With their easy portability, apps and 3G access many students find themselves debating the merits of a tablet over a laptop. Apps can give a huge boost to productivity and simplify the process of web research. Both Apple and Android offer programs for taking notes, scheduling and organizing multi-media presentations. The major arguments against a tablet are of course the lack of easy input, generally in the form of a keyboard, and the very limited storage. Not being able to type up papers or notes or presentations is a serious problem, and the main reason more students aren’t replacing their laptop with a tablet. There are applications that could solve this problem in the near future. Android has an app called Speaknotes which digitally transcribes what the speaker says; Apple has the Numbers app which creates organizational spreadsheets of problem sets. These aren’t yet positioned to replace old-fashioned typing, but it may not be long. When in doubt always check with your child’s University – they often have specific technology requirements for each course and can tell you if a tablet would meet these.
 
  MacBook Air
With Apple’s recent announcement, it’s possible your offspring is angling for a MacBook Air to take to college. It’s a great machine, no argument there, but if you can’t afford the hefty price tag, here are a few options that might appease them.

Lenovo X220: With an Intel Sandy Bridge i5 Processor, 320GB hard drive, Windows 7 Professional and a multi-touch touchpad. What really sets the Lenovo apart though is its battery life, all the reviews we’ve read have raved about the 8-10hrs (15 with the extended battery) battery life that the 6-cell gives, with moderate to heavy usage. All that, plus a starting price of $890, makes this one of our top picks as an alternative to the MacBook Air

Asus U: The all-important Intel i3 Sandy Bridge processor, 640GB hard drive (though not solid state), a 15 inch screen, Windows 7 Home Premium, and 6 hours of battery life. The downside is that it weighs in at a hefty 4.2lbs. The one area where this definitely beats the competition is price. At $580 the Asus U is a full 1K cheaper than the MacBook Air.

MSI X 460 The X 460 has some impressive hardware – an Intel i7 Sandy Bridge Processor, a 14-inch screen, USB 3.0, and a 750GB hard drive. It comes installed with Windows 7 Home Premium and 7 hours of battery life. Due out this summer the 460 should cost around $600.

 
  Smartphones
This is a bit of a tricky one. We are inclined to argue that with the proper laptop, a smartphone falls into the ‘nice-to-have’ category, but isn’t absolutely necessary. And yes, we can hear the student out-cry from here. But texting can be done from any phone and email/social networking from a laptop. It’s true that there are a lot of great study apps that would be useful to students, but factoring in the high monthly price-tag makes us inclined to say the trade-off is not worth it for the budget-savvy. If the apps really are a must-have, then consider buying an iPod Touch; the 8GB model will run you $229 and no monthly bill.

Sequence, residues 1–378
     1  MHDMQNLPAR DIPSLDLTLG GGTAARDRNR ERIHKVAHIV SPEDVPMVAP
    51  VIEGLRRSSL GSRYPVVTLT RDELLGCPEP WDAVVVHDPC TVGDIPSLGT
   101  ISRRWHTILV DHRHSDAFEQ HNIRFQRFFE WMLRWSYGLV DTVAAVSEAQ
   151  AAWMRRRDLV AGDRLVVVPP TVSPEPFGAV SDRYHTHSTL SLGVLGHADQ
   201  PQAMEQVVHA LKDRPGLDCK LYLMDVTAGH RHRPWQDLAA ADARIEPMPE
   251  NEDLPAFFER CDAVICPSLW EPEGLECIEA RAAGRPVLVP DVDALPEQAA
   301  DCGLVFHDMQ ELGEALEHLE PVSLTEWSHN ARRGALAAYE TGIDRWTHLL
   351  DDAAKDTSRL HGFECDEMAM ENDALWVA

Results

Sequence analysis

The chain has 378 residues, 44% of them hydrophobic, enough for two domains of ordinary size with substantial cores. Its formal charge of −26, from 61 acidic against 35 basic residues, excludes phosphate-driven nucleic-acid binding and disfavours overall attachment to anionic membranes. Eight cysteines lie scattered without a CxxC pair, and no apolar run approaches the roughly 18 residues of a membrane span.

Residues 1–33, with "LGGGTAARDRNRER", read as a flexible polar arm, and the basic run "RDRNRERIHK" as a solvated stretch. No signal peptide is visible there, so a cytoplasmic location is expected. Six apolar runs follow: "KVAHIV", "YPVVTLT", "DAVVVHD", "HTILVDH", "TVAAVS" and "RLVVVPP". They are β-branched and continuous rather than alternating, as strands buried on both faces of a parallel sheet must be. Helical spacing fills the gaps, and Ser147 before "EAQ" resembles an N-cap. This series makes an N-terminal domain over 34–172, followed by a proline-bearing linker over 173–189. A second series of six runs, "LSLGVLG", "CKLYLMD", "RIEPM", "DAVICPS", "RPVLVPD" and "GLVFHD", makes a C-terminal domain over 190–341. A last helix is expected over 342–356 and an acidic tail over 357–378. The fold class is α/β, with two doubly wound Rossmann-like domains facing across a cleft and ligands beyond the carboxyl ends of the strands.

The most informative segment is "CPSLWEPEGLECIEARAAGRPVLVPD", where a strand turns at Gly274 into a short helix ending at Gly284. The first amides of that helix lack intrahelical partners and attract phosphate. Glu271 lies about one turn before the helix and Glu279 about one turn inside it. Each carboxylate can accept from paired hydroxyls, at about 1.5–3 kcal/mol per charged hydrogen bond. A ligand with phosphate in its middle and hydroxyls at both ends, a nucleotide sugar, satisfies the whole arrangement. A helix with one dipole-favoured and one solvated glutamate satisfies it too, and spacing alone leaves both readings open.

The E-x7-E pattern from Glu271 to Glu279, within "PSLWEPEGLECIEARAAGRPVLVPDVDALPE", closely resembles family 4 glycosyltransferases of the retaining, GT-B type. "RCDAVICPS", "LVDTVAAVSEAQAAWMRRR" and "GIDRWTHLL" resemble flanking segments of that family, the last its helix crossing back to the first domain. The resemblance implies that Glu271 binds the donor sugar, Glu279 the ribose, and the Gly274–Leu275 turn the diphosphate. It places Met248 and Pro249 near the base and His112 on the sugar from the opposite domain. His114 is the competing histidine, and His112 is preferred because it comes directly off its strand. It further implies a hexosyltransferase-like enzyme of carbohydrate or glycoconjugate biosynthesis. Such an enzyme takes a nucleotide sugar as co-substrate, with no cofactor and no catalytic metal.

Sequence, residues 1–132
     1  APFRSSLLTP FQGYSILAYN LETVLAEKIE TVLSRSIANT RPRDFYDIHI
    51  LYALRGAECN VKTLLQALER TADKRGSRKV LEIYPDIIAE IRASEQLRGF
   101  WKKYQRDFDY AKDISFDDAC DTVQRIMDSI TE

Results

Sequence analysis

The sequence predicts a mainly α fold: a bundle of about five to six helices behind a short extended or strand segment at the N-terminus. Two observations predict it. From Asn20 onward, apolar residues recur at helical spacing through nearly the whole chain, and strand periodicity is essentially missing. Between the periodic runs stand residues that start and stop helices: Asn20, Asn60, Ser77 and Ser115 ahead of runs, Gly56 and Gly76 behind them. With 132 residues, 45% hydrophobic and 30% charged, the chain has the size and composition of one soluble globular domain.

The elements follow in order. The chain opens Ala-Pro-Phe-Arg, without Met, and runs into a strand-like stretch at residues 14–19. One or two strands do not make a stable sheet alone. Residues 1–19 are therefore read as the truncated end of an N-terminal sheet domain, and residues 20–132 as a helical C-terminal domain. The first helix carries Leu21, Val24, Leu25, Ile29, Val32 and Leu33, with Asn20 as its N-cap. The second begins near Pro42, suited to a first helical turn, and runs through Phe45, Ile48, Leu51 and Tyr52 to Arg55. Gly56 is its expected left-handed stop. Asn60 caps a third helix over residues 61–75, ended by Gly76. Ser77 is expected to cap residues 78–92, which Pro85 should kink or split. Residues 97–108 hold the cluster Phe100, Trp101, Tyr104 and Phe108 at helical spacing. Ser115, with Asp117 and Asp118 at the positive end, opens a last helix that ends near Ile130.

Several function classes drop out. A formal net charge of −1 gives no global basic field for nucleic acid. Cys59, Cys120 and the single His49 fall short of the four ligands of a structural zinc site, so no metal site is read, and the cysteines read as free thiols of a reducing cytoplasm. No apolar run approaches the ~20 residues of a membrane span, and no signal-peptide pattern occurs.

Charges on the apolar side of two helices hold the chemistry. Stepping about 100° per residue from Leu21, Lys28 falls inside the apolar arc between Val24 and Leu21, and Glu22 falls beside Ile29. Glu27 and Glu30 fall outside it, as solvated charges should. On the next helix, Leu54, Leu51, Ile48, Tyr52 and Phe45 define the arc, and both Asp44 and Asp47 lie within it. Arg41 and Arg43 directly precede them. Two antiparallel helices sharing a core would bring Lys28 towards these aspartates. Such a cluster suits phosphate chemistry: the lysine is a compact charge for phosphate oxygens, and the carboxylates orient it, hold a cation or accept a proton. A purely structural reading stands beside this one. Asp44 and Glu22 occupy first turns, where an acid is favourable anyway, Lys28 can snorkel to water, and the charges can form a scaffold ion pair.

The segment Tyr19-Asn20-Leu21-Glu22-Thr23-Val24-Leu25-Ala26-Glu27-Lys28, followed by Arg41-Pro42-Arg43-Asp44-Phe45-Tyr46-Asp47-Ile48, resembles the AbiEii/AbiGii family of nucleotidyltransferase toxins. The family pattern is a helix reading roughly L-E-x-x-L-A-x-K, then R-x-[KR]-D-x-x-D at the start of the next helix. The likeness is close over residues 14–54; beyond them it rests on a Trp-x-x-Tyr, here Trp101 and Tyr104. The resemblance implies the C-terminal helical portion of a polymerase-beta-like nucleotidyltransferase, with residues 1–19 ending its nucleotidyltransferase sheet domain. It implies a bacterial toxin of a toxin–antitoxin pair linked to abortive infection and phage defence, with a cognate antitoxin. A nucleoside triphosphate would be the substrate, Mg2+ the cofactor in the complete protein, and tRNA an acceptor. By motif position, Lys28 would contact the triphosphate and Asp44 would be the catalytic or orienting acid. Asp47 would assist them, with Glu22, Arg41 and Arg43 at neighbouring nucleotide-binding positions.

Feature Phone vs. Smartphone
You can often add a phone to a family plan for a relatively low monthly fee however, a smartphone will need a data plan which could add significantly to the monthly bill. In the end it’s hard to make a definitive recommendation to go with a smartphone, a feature phone or add an iPod Touch. The feature phone with or without an iPod Touch will definitely save you money but a smartphone will keep you from having to listen to a lot of whining from a “deprived” student.

 
  Laptop Security
Try not to use a very conspicuous laptop bags. Nothing says “I'm a laptop, grab me easily,” more than a slim, nylon, rectangular shoulder bag.

Don’t leave them unattended. Don't leave your laptop visible in your car when you park and don't leave it sitting on the table at a coffee house or library when you want a refill or need to use the restroom.

Most laptops have a Universal Security Slot (USS) on the side of the laptop that can be used to connect a cable or alarm. The Kensington 64068F cable and connector costs under $40. Belkin makes a device that sells for around $20 and sets off an alarm if it's removed. Mark your laptop with an ID code. Companies like yougetitback and armortag make it easy for someone who finds your laptop to call an 800 number and get a reward.

Stop will sell you a registered “security plate,” that incorporates an “indelible tattoo” that can help missing property get returned to their owners

Keep sensitive information on a USB drive or in the cloud.

Encrypt all the data on your disk. There are many drive encryption programs on the market. Some versions of Vista include BitLocker Drive Encryption. You could also use a free open source on-the-fly encryption program like truecypt.

 
  Manuals
Don’t forget to download the manuals from Retrevo for all your gadgets before you go. From coffee makers, HDTVs and Computers to Microwaves, Vacuums and Cell Phones, save space and download the manuals to all of your college gadgets before you get to your dorm room.
 

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I'm a senior student, and the only gear I have is my laptop. I don't own any other gadgets but I'd love the have them, especially the Smartphone :) And to be honest, only with my laptop, I can do many things from learning to entertaining when I have free time!